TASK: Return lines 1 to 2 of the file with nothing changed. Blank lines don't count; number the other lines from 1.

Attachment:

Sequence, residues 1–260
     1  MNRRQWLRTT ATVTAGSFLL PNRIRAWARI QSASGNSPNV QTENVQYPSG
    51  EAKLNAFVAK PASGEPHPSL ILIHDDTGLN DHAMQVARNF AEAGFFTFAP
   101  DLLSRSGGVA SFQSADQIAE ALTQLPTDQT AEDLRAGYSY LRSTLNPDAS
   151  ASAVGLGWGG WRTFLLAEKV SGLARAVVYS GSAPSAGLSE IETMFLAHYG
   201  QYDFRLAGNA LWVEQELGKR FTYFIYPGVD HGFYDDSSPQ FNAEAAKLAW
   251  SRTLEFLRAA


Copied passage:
Sequence, residues 1–260
     1  MNRRQWLRTT ATVTAGSFLL PNRIRAWARI QSASGNSPNV QTENVQYPSG